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Relationships of repair revisited

Posted on May 1, 2024, by Libby Comeaux CoL

The future belongs to those who give the next generation reason for hope.

Teihard de Chardin
Tiffany Bellfield, left, and Mariel Gardner present on land justice.
Photo by Paulette Peterson

In June 2023, those in the Loretto Community who had been working on issues related to the Nuns & Nones Land Justice Project gathered at the Motherhouse for retreat.

We had recently learned from the Good Trouble Working Group and the Loretto Roots Project about the history of land dispossession through racial violence. Before that, in our 2012-2014 conversations with the Leadership Conference for Women Religious, both LCWR and the Loretto Community passed resolutions repudiating the racial and ecological harm caused by the Doctrine of Discovery.

Our conversations with young women in their 30s — facilitators for the Land Justice Project — were gentle as well as challenging. They are like so many of our students who learned Gospel values from us.

We evoked the memory of Native Peoples who used to inhabit the lands we now call ours. And we considered those we formerly enslaved — what cultural, economic and government patterns obstructed their descendants’ ability to hold land? We began to see discrepancies in wealth and earnings in the context of dispossession from land.

Five individuals photographed in a sunny room with wooden floors, stacked wooden tables and blue fabric and metal chairs. One man in the back left corner is caught off guard, the woman to his right in the back is looking at the camera and smiling brightly, then three women in the front, two sitting, and the one to the right is standing. The two women and man sitting are wearing nametags.
From left, Cathy Mueller, Maureen O’Connell and Martha Alderson enjoy visiting at the retreat. In the background, Eric Anglada and Libby Comeaux pause in conversation.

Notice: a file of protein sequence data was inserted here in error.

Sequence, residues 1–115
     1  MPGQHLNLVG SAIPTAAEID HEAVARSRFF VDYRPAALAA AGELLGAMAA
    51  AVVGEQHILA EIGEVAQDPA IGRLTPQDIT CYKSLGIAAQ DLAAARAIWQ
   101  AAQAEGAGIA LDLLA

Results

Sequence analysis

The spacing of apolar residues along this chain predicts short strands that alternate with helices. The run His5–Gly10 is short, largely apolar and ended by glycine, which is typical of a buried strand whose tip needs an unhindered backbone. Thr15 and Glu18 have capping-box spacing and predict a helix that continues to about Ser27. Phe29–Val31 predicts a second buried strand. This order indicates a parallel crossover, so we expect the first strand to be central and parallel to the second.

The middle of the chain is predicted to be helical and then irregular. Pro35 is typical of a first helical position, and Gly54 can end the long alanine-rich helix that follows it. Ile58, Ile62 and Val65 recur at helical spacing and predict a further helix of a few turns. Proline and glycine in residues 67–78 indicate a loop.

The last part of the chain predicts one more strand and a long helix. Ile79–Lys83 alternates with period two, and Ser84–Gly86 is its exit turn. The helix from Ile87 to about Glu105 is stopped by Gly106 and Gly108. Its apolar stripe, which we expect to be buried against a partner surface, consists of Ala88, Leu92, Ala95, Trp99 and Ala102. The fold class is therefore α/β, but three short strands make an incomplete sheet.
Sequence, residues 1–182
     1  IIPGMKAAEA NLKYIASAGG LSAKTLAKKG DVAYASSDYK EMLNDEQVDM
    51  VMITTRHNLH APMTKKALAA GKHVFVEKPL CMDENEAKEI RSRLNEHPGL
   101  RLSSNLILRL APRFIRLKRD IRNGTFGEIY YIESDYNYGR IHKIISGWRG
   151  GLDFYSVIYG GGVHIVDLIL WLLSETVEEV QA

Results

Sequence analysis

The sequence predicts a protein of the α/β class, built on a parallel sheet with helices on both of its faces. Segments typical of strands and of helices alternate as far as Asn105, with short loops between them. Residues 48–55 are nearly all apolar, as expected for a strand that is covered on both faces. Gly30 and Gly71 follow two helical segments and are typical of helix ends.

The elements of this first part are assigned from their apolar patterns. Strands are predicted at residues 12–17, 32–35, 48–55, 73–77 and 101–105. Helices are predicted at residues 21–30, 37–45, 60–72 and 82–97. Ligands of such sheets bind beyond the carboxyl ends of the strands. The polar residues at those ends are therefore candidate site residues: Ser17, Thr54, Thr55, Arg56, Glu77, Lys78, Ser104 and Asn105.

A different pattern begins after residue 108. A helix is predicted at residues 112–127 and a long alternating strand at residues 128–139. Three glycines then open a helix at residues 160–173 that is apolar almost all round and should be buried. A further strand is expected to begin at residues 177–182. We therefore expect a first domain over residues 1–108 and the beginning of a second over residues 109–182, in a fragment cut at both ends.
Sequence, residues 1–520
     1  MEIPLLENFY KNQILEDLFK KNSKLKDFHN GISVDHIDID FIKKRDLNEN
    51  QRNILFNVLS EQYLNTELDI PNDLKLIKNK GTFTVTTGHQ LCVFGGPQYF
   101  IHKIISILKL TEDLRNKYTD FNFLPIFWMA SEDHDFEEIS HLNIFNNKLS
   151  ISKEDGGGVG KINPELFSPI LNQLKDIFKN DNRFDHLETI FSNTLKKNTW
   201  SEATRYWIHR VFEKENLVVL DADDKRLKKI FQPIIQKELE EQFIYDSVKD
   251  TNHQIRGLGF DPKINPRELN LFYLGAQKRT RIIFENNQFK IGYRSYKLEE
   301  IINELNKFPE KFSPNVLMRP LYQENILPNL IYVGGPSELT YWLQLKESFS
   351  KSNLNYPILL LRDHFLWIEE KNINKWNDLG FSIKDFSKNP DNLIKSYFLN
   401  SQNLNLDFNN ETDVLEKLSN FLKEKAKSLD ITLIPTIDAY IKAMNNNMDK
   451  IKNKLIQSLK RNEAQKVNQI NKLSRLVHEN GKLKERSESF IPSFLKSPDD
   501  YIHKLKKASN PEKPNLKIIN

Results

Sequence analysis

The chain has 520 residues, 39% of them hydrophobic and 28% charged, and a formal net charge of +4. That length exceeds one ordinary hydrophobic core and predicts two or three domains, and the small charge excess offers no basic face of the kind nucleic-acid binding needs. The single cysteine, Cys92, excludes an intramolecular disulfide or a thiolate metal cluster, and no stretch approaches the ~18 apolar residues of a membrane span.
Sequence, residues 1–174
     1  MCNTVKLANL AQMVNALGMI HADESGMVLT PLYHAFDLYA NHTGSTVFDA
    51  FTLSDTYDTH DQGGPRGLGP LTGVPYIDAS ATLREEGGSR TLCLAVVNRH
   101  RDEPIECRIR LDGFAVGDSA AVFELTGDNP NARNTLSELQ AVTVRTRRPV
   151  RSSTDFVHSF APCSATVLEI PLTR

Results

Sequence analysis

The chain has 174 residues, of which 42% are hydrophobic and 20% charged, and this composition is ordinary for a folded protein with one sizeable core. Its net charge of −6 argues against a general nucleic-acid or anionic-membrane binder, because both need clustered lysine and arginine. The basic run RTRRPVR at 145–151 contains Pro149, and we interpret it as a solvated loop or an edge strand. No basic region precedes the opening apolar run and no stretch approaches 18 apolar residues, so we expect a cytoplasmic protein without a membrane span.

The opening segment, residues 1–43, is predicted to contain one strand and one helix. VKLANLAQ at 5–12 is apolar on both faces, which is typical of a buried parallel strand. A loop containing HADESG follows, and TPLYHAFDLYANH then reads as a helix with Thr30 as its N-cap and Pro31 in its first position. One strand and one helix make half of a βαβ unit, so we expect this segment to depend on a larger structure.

These young people find sustenance in the covenantal community they formed when they turned to religious women for coaching. Their shared contemplative practices sustain them. Creating spaces of encounter, they prepare us to ask who else has a history on the land, and how might we center their stories and needs as we face long-term decisions?

We learned of ways that other congregations of women religious are responding. From sharing access to their land for traditional Indigenous practices, to considering donations and many steps in between, the cause of justice and peace has deep roots in land. We returned many times to Nikki Sanchez’s observation, “This history is not your fault, but it is absolutely your responsibility.”

As we met, it was 200 years after the 1823 Johnson v. McIntosh decision that used the 15th century papal bulls to justify mistreatment of Earth and dispossession of peoples from land.

We celebrated Pope Francis’ receptivity to 40 years of Indigenous communications. His recent repudiation of the Doctrine of Discovery energized us. Truly, as he has shared, “We are not living in an era of change, but in a change of era.” So what is our role?

How can we create land transitions rooted in ecological and racial healing? In addition to protecting land from development, can we expand access and equity to others whose groups were systemically dispossessed? How might living into these questions help to mend and heal the broken web of relationships we inherited as mostly white people in the U.S.?

As the June retreat closed, a Loretto vowed member asked, “Will this be a fresh moment for us? What will we collectively decide to do? We must not pass up this chance!”

Another noted, “Because we are women who have spent our lives creating community for the common good, we have the capacity to share what we have without counting the cost.”

Retreat attendees gather for discussion.
Photo by Paulette Peterson

Libby Comeaux CoL

Libby became a Loretto Co-member 20 years ago and has been walking the Labyrinth ever since. Recently she became editor of Loretto Earth Network News. She wonders what a participatory Earth democracy will feel like. It's okay to dream.
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Loretto welcomes you

Learn more or plan a visit to the Motherhouse!